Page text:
Clinical Significance of Somatic Mutations in RAS/RAF/MAPK Signaling Pathway in Moroccan and North African Colorectal Cancer Patients

Document Type : Research Articles

Authors

1 Laboratory of Research and Biosafety P3, Mohammed V Military Teaching Hospital, Faculty of Medicine and Pharmacy, Mohammed V University, Rabat, Morocco.

2 Laboratory of Human Pathologies Biology and Genomic Center of Human Pathologies, Department of Biology, Faculty of Sciences, Mohammed V University, Rabat, Morocco.

3 Sequencing Unit, Laboratory of Virology, Center of Virology, Infectious and Tropical Diseases, Mohammed V Military Teaching Hospital, Faculty of Medicine and Pharmacy, Mohammed V University, Rabat, Morocco.

4 Sidi Mohamed Ben Abdellah University, Faculty of Medicine and Pharmacy of Fez, Morocco.

5 Department of Pathology, Mohammed V Military Teaching Hospital, Faculty of Medicine and Pharmacy, Mohammed V University, Rabat, Morocco.

6 Department of Medical Oncology, Mohammed V Military Teaching Hospital, Faculty of Medicine and Pharmacy, Mohammed V University, Rabat, Morocco.

7 Center of Virology, Infectious and Tropical Diseases, Mohammed V Military Teaching Hospital, Faculty of Medicine and Pharmacy, Mohammed V University, Rabat, Morocco.

8 Faculty ofMedicine and Pharmacy, Rabat, University Mohammed V, Morocco.

Abstract

Background: Mutations in RAS (KRAS, NRAS) and BRAF genes are the main biomarker predicting response to anti-EGFR monoclonal antibodies in targeted therapy in colorectal cancer (CRC). Objective: Our study aims to evaluate the frequencies of KRAS, NRAS and BRAF mutations and their possible associations with clinico-pathological features in CRC patients from Morocco. Methods: DNA was extracted from 80 FFPE samples using the QIAamp DNA FFPE-kit. RAS and BRAF mutations were assessed by pyrosequencing assays using Qiagen, KRAS Pyro®kit 24.V1, Ras-Extension Pyro®kit 24.V1 and BRAF Pyro®Kit 24.V1, respectively, and carried out in the PyroMark-Q24. Results: RAS mutations were identified in 57.5% (56.2% in KRAS, 8.8% in NRAS). In KRAS gene, exon 2 mutations accounted for 93.3% (68.9% in codon 12, 24.4% in codon 13). Within codon 12, G12D was the most prevalent mutation (37.7%), followed by G12C (13.4%), G12S (8.9%) and G12V (6.6%). Within codon 13, the most frequently observed mutation was G13D (22.3%). The mutation rates of exon 3 and 4 were 15.6% and 13.3%, respectively. In exon 3 codon 61, 2.3% patients were detected with two concurrent mutations (Q61R, Q61H), and 4.4% with three concurrent mutations (Q61R, Q61H, Q61L). In NRAS gene, the mutation rates of exon 2, 3 and 4 were 57.1%, 28.6%, and 14.3%, respectively. G13A and Q61H were the most common mutations, accounting for 42.9% and 28.5%, respectively. There were 13% patients with concurrent KRAS/NRAS mutation and 4.3% wt KRAS with NRAS mutations. No mutations were identified in BRAF gene. In both sexes, KRAS codon 12 mutations were associated with higher stage III/IV tumors. Moreover, Patients whose tumor is in the proximal colon (56.3%) are more likely to harbor KRAS mutations than those tumor located in rectum (25%). Conclusion: RAS mutations could be useful in future target anti-EGFR therapy and molecular CRC screening strategy in Morocco.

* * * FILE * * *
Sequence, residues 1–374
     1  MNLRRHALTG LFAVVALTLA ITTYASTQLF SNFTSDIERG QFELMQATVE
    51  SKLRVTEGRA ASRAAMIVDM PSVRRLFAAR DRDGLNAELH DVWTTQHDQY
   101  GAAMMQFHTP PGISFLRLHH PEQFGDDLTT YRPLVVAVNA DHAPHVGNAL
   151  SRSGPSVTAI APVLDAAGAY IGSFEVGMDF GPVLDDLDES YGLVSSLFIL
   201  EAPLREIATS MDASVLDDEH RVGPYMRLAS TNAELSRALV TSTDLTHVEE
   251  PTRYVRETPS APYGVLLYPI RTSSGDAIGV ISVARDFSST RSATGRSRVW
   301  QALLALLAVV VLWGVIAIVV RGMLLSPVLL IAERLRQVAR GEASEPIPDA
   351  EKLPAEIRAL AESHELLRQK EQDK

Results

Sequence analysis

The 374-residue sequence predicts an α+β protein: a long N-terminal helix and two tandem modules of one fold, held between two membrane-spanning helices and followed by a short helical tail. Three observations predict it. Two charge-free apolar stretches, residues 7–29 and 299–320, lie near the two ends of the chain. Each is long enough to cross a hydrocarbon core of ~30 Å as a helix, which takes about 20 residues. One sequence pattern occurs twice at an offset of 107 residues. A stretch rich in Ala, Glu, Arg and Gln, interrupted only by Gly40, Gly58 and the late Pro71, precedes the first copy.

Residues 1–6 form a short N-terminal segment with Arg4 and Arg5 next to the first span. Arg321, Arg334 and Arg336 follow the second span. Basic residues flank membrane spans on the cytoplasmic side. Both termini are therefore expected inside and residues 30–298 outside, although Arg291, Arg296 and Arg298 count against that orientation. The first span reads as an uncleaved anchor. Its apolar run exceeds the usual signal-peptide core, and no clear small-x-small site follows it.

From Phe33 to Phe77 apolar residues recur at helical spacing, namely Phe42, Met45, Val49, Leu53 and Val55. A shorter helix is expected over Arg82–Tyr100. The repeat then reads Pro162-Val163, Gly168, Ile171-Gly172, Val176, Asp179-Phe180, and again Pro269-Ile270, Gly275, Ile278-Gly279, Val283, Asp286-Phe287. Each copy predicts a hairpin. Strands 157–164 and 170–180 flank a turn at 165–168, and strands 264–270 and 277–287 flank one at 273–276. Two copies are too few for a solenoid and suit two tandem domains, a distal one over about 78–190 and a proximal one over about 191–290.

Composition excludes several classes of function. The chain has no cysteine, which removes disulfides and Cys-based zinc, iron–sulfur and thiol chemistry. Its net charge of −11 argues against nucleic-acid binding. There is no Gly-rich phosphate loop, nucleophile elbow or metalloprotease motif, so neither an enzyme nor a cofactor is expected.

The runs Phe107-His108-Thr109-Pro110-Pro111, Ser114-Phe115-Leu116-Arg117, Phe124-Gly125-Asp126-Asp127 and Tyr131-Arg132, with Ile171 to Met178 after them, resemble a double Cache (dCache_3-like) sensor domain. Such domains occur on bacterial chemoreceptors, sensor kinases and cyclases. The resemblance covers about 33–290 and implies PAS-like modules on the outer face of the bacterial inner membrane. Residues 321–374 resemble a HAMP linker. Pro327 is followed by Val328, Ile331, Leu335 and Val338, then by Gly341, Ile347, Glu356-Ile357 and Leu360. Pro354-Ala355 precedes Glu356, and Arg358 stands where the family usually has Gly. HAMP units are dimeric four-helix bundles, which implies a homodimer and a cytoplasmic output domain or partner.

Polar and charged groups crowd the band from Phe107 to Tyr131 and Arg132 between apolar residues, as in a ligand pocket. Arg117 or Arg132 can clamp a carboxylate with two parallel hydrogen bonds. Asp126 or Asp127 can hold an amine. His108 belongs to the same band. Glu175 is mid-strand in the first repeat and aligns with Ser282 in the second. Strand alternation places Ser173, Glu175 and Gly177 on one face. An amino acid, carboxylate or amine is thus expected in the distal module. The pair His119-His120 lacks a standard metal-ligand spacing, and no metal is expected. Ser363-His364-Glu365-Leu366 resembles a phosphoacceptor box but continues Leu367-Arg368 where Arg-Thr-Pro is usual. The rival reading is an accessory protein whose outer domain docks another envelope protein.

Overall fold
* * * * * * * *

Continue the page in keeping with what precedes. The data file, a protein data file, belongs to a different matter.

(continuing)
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Volume 23, Issue 11
November 2022
Pages 3725-3733
  • Receive Date: 09 March 2022
  • Revise Date: 13 July 2022
  • Accept Date: 02 November 2022
  • First Publish Date: 02 November 2022